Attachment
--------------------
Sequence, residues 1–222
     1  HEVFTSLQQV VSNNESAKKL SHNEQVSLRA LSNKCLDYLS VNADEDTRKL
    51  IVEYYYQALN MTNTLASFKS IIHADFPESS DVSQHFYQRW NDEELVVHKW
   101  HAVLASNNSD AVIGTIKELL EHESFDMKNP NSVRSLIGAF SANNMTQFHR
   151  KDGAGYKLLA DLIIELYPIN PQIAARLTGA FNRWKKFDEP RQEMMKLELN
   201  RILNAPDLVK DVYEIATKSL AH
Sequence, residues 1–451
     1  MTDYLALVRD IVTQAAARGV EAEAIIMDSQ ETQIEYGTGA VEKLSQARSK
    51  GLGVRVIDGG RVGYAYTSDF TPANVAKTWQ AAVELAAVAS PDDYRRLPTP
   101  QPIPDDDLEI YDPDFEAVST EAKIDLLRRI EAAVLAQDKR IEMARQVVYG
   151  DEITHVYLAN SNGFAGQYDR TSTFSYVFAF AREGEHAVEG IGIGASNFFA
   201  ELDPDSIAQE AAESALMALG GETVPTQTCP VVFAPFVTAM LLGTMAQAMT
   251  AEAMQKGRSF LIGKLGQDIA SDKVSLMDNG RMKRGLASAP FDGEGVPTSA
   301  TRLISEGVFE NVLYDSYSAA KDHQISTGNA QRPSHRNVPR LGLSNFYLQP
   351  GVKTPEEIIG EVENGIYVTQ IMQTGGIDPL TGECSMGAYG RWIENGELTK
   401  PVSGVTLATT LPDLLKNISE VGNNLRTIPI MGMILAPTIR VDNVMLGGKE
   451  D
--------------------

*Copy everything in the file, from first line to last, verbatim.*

Sequence, residues 1–222
     1  HEVFTSLQQV VSNNESAKKL SHNEQVSLRA LSNKCLDYLS VNADEDTRKL
    51  IVEYYYQALN MTNTLASFKS IIHADFPESS DVSQHFYQRW NDEELVVHKW
   101  HAVLASNNSD AVIGTIKELL EHESFDMKNP NSVRSLIGAF SANNMTQFHR
   151  KDGAGYKLLA DLIIELYPIN PQIAARLTGA FNRWKKFDEP RQEMMKLELN
   201  RILNAPDLVK DVYEIATKSL AH
Sequence, residues 1–451
     1  MTDYLALVRD IVTQAAARGV EAEAIIMDSQ ETQIEYGTGA VEKLSQARSK
    51  GLGVRVIDGG RVGYAYTSDF TPANVAKTWQ AAVELAAVAS PDDYRRLPTP
   101  QPIPDDDLEI YDPDFEAVST EAKIDLLRRI EAAVLAQDKR IEMARQVVYG
   151  DEITHVYLAN SNGFAGQYDR TSTFSYVFAF AREGEHAVEG IGIGASNFFA
   201  ELDPDSIAQE AAESALMALG GETVPTQTCP VVFAPFVTAM LLGTMAQAMT
   251  AEAMQKGRSF LIGKLGQDIA SDKVSLMDNG RMKRGLASAP FDGEGVPTSA
   301  TRLISEGVFE NVLYDSYSAA KDHQISTGNA QRPSHRNVPR LGLSNFYLQP
   351  GVKTPEEIIG EVENGIYVTQ IMQTGGIDPL TGECSMGAYG RWIENGELTK
   401  PVSGVTLATT LPDLLKNISE VGNNLRTIPI MGMILAPTIR VDNVMLGGKE
   451  D